Figure.5 seems to be the most rational solution, in fact its form is closer to the traditional toTao-thai (as seen in pink), plus the sharp vertex echoes that of the Latin ‘M’.
Crucial lesson learned:
When designing a Thai typeface that reflects Latin, make sure to convey the same intention, not only in the harmonious rhythm of its shape and form, but also in the formality of its voice. If it is meant to be read as formal, be formal in both languages. If is meant to be read as distinct but not peculiar, translate that character as much as possible.
It is also important to know that some details that are present-but-not-distracting in Latin characters, could actually be shouting at you, in a completely different tone of voice, when it is in a different language.
#3 CASE STUDY – LANGUAGE FAMILIARITY
We cannot deny that sharp-angled corner and smooth exterior is one of the most recognizable features of IBM Plex. It is applied to thoThung-thai and other similar characters. But why doesn’t it work when it comes to loLing-thai?
By not ‘working’–call me old-fashioned–I’m referring to details that stop you from focusing on the message and instead make you wonder why a character looks the way it is.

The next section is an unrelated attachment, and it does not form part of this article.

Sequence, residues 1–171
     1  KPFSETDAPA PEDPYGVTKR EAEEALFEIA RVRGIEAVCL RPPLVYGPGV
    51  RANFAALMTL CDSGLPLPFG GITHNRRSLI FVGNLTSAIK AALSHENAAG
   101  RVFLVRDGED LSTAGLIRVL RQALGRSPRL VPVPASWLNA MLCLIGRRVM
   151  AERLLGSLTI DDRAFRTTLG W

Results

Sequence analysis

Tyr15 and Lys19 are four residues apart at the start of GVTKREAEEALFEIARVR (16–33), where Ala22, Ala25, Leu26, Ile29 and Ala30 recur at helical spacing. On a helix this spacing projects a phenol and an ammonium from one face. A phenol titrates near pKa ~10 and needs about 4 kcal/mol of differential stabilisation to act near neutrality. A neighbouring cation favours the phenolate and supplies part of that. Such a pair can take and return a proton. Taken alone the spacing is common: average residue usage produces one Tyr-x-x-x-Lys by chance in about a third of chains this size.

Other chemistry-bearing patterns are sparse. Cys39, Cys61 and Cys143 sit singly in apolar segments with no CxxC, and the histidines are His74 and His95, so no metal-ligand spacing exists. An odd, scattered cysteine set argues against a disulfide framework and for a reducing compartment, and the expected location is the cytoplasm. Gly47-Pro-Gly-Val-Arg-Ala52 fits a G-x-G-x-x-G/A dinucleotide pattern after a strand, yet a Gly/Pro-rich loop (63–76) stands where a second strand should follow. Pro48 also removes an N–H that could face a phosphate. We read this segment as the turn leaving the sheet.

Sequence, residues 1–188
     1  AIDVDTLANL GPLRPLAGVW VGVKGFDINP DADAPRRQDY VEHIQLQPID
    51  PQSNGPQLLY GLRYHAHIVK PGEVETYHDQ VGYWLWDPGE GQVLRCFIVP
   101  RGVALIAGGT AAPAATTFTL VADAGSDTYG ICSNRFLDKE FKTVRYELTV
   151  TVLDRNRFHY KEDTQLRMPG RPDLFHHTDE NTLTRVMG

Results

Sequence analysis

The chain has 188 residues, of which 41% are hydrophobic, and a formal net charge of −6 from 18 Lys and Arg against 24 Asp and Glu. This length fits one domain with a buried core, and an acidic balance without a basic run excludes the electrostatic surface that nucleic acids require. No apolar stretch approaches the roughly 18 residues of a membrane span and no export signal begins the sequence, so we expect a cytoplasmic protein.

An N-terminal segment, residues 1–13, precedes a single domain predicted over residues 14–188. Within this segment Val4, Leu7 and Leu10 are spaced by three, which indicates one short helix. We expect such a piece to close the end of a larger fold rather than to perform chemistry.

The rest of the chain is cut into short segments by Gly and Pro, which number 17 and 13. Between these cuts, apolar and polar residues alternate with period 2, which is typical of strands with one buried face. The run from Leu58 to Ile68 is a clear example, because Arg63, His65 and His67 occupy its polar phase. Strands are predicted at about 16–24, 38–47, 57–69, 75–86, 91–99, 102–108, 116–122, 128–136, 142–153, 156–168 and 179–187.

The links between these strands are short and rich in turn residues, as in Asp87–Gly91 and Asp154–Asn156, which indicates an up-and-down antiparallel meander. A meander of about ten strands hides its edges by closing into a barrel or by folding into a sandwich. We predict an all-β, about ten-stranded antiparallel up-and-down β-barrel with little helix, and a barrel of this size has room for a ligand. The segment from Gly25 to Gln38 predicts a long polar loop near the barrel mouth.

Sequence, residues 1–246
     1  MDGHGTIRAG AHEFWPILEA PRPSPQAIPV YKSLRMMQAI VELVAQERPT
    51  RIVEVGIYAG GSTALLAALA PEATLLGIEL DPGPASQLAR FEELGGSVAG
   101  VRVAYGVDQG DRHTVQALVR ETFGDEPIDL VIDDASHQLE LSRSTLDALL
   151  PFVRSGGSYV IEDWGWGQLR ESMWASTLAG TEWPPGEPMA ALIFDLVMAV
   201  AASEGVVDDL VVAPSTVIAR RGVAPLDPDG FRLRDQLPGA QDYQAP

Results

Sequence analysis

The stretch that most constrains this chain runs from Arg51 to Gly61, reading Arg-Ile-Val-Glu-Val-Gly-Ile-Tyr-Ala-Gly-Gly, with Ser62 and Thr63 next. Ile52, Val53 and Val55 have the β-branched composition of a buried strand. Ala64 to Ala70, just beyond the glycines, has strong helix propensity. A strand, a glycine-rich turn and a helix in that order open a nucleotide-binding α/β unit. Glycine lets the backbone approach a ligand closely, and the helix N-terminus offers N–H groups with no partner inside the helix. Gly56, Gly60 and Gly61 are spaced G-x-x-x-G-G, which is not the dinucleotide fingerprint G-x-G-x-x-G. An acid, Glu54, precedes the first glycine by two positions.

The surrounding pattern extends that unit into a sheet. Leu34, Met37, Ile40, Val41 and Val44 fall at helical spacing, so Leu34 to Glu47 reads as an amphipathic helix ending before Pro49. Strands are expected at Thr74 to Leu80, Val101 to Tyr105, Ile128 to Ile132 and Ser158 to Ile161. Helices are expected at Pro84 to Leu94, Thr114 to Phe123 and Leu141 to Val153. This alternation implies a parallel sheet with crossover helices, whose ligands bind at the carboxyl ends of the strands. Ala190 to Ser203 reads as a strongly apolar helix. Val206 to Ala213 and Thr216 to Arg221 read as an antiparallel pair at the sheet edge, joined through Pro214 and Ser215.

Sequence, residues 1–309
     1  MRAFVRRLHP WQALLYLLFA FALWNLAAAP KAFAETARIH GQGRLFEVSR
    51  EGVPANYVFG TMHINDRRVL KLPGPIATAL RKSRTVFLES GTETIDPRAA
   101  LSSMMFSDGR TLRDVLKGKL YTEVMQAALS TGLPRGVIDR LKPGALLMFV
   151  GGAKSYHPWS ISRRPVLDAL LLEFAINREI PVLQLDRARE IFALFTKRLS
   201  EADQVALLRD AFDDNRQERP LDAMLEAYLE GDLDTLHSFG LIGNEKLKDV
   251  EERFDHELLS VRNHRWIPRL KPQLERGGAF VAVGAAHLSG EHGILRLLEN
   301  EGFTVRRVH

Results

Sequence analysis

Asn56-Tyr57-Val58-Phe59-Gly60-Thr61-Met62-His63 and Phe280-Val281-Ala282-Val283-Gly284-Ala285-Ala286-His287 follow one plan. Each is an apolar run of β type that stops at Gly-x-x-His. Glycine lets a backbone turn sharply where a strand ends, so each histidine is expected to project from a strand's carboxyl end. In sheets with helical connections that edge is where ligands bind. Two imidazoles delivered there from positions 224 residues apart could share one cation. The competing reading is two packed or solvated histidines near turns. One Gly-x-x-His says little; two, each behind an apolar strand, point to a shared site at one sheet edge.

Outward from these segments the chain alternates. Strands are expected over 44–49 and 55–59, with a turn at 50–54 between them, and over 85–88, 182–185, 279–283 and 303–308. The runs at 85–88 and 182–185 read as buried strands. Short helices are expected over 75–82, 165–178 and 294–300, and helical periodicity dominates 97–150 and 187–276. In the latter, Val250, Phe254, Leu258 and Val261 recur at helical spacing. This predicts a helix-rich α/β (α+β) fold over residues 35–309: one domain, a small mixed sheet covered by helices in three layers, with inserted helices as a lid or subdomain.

thoThung-thai is written from bottom to top, going up in a straight manner. While loLing-thai starts from bottom to top as well, it continues as a curve, and without the Loop, a curved counter needs to be present. Unlike serifs, loops can’t just be cut off, as traces of where the pen starts is mandatory. More on this topic at – ทบทวนความคิดอย่างช้าๆ เกี่ยวกับตัวอักษรไทย (ตอนที่ 2) by Chawanat Suwan.
The length of the horizontal line that lies on the baseline needs to be longer in order to make loLing-thai natural, not the man with short arms that he is now. However, with the extended line, it creates a different shape that does not exist anywhere in Latin. We do not want to create a new system but we also don’t want a man with short arms. Eventually I decided to take out the shape. (I told you earlier, I was trying too hard to implement everything.) Instead, I used a more natural curve, with the same terminal system I did for doDek-thai and toTao-thai. With the curved counterspace present, the loLing-thai became more familiar to native readers. That distinct shape now has to be applied somewhere else to create balance in the overall texture. I guess I tried, but in this case it’s gone for good.
Crucial lesson learned:
Language familiarity helps a lot. And if you read, write, and see the characters every single day, when something looks peculiar, you’ll know.
If anything looks like a man with a crooked shoulder and you cannot figure it out, look away from the screen. Go back to pencil and paper. Write any word containing that particular character. Look at the counter, the proportion, etc. Always check your proof. See characters in context. They all work as a team. As Matthew Carter once said, “Type is a beautiful group of letters, not a group of beautiful letters.”
#4 CASE STUDY – PROPORTION